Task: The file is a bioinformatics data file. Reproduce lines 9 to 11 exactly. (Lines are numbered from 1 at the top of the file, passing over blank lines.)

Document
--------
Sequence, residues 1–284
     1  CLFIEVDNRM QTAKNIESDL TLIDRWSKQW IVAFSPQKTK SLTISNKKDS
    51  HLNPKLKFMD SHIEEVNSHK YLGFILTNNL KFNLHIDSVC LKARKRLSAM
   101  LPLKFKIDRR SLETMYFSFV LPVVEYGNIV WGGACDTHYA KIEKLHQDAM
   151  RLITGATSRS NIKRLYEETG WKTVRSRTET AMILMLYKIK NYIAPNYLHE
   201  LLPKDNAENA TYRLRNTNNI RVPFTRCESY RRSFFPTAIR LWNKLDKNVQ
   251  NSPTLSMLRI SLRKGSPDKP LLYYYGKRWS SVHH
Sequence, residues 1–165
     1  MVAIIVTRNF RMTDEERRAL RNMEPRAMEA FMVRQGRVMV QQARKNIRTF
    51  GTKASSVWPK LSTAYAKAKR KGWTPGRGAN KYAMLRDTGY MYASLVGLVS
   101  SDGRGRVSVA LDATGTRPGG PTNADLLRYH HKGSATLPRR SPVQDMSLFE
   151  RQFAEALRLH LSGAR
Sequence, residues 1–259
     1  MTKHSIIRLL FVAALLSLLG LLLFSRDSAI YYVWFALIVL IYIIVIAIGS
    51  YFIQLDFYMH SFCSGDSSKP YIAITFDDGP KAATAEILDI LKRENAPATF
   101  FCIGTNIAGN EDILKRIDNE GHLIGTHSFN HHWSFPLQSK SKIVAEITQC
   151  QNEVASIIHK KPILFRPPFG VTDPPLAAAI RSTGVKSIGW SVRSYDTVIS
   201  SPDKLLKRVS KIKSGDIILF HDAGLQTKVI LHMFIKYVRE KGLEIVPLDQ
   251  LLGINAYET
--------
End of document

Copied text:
     1  MVAIIVTRNF RMTDEERRAL RNMEPRAMEA FMVRQGRVMV QQARKNIRTF
    51  GTKASSVWPK LSTAYAKAKR KGWTPGRGAN KYAMLRDTGY MYASLVGLVS
   101  SDGRGRVSVA LDATGTRPGG PTNADLLRYH HKGSATLPRR SPVQDMSLFE